I need a valet or a personal planner or. . .

Whose fault was it?

Whose fault was it?

Getting ready to do anything that requires a modicum of organization is nearly an impossibility for me. Always has been. Trips especially.

My favorite class at the University of Redlands was the Physical Geology class I took as a Junior. Honest. It started out as a pain in the backside—memorizing types of rocks and names of the “elements” and geological periods (it’s The Cretaceous, not The Cretaceous Period, by the way). And then the fun started. Within an hour’s drive from the campus is an example of every kind of geological formation such a class would ever want to study. Including the San Andreas Fault (a crack of which transverses the campus).

On a Saturday near the end of the semester the class went on a field trip to see the most famous and important formations. The date was announced the first day of class, and we were told not going on the trip meant failure. Period. For most of us (the music majors, at any rate) the class fulfilled our one-physical-science-course requirement. It was one of only half a dozen classes I took outside the School of Music.

The day of the field trip, I woke up early (as always) and rejoiced that I had nothing on my calendar and had an entire day free to practice for my Junior Recital which was fast approaching. I much of the day, and only when it was much too late, realized I had forgotten the field trip. Long story short, I eventually convinced the professor (Dr. S. W. Dana) that I had not just blown it off. He agreed that if Dean Umbach would allow me to take the field trip the next semester, I could have an incomplete and finish the course then and graduate on time.

That was by no means the first nor the last nor even the most important such experience of my life. It comes to mind every time I’m getting ready for a trip.

Two weeks in Scandinavia is a trip almost incomprehensible to the organizational part of my brain. Don’t get me wrong. I have lists of things to do—the first task when I finish writing this should be to consolidate the lists. But there is no way I can figure out how to do everything on the listS.

When things throw me off—yesterday I discovered boarding my diabetic cat will cost $616 instead of the $280 I thought I had been told three weeks ago, for example, and I have to figure out some other way to get him his insulin shots—I become not more efficient, but less.

Is this the result of bad parenting? I wish I could blame my over-organized, incredibly efficient parents (my father’s library was shelved and catalogued by the Dewey Decimal System), but what I logically should have learned from them is not borne out in my reality. Is this the result of sloppiness? Is it the result of not caring about details—thinking I’m too special to have to do anything as mundane as get organized? The result of TLE that has made my world seem all too often like a dream? Laziness? Forgetfulness? You decide. I can’t.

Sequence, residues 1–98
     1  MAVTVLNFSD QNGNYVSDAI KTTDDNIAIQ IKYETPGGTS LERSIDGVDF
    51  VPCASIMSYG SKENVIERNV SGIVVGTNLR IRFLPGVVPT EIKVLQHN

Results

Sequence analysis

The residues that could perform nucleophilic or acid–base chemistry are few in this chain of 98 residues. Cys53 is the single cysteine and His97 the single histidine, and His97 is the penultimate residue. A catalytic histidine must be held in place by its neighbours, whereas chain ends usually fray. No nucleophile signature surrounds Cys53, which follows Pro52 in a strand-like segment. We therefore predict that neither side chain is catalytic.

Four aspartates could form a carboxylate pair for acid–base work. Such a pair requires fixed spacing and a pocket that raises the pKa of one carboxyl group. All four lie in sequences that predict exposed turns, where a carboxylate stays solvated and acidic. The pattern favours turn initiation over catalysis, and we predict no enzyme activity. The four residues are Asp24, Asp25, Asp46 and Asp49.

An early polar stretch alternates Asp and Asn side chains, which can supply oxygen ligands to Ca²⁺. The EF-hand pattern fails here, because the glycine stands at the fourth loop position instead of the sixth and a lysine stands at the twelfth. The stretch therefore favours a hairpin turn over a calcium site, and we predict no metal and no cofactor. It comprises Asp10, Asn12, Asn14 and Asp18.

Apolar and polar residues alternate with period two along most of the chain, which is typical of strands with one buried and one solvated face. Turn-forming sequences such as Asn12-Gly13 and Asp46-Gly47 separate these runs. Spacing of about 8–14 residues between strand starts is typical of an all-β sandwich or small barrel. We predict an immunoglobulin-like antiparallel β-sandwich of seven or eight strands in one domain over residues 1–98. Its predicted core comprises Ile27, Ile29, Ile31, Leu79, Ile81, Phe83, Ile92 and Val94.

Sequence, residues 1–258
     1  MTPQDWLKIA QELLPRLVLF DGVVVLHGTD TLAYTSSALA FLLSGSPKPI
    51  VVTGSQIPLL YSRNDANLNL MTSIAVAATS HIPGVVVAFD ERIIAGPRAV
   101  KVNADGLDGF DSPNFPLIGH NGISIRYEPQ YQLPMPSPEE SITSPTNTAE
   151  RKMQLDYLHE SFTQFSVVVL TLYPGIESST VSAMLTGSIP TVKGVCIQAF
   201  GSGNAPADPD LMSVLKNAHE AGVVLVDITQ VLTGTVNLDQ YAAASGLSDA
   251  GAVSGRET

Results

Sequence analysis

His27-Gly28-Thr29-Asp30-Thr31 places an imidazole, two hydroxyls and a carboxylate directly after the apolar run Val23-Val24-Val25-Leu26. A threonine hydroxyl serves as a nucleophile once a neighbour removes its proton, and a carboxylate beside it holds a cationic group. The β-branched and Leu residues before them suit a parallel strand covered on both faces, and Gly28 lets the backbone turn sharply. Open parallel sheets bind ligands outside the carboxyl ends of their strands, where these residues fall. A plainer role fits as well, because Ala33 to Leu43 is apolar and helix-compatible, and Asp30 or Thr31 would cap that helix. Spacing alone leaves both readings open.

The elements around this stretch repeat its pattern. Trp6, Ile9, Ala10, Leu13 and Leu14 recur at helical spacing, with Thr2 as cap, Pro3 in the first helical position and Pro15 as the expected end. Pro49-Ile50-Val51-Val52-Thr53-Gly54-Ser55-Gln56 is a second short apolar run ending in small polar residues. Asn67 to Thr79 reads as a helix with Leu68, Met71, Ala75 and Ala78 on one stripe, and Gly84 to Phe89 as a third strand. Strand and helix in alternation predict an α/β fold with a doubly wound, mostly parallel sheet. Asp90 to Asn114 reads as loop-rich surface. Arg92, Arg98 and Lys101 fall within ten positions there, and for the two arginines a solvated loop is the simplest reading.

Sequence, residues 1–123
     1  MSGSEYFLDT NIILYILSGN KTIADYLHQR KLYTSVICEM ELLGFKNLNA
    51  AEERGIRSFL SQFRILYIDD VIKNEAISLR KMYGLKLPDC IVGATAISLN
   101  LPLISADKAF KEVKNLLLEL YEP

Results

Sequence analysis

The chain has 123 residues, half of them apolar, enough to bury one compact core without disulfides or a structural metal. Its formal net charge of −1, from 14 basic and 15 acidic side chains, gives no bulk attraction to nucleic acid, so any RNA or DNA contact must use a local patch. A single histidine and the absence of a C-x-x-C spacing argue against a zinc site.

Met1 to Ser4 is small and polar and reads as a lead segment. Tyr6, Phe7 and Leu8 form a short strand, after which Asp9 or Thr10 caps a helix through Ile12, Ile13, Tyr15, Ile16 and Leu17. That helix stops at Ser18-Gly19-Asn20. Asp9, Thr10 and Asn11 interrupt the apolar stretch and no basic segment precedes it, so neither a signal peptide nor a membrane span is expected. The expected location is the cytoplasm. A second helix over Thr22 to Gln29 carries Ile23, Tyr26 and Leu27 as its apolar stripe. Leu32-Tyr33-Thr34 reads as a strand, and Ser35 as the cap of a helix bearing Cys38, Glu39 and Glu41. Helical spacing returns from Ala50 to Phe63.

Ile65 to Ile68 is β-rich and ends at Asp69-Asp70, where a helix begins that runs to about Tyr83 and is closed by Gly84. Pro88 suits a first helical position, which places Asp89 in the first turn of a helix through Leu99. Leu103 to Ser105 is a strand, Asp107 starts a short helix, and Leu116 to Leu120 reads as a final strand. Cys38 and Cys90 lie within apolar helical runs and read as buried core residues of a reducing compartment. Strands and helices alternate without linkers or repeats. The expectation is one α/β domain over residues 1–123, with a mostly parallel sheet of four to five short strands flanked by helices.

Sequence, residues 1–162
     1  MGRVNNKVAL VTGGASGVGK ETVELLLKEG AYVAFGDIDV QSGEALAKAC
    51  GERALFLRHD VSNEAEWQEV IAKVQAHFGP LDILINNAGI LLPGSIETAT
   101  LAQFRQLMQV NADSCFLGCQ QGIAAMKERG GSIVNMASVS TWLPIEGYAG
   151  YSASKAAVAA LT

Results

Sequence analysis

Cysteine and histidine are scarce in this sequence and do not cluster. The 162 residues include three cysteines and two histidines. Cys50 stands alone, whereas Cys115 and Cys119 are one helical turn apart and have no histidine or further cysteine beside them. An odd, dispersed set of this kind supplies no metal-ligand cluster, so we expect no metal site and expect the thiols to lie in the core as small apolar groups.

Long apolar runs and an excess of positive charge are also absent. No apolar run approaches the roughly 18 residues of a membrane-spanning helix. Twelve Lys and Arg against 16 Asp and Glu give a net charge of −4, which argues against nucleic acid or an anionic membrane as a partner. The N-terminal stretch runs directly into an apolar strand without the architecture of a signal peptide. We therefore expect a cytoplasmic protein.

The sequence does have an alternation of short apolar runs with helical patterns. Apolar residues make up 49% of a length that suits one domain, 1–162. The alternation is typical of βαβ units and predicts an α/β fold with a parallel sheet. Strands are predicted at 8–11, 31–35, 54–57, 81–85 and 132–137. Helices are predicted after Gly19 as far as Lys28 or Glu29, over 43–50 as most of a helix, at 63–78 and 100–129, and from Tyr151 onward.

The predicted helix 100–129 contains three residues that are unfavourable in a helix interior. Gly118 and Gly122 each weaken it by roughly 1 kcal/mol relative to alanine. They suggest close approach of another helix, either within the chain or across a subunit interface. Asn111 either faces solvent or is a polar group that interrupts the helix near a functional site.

A California Alluvial Fan

A California Alluvial Fan

All I know is that I have too much left to do before Thursday, and here I am trying to make a recording of the “Meditation on Jesu meine Freude,” by Gardner Read. (I want to record it because that’s the best way I know to simulate an audience to practice for public performance.) I’ve finally discovered a work I want to record on my little practice organ that I can’t force onto the instrument. Purists and real organists most likely shudder at many of the recordings I post, but . . . (I won’t say what I think about that).

I had the privilege of knowing Garner Read. He was an old man by the time I met him—retired as Professor of Composition and Composer in Residence at Boston University. I don’t remember how we met, but I knew who he was because many generations of music students, including mine, used his textbook on orchestration.

Honored to Know Him

Honored to Know Him

In about 1990 I played a recital including three of his “Chorale Preludes on Southern Hymn Tunes,” and he attended. It was great fun. He gave me an old copy (original, from 1940) of his “Meditation.” It is an intensely sweet melody spinning out over a simple harmonic accompaniment. I wish I could record it. Perhaps if I get myself organized enough to get on the plane Thursday, I’ll record it on one of the organs I’ll play in Scandinavia. I hope so.

About Harold Knight
Retired English prof, SMU. Old man. Musician. Passionate about justice, equality, freedom. Therefore, I am a fervent supporter of and advocate for the Palestinian People as they struggle to survive genocide. That also means, of course, I have no use for US 45.

One Response to I need a valet or a personal planner or. . .

  1. Pingback: “You look like a god. . . Why don’t you try writing. . . “ | Me, senescent

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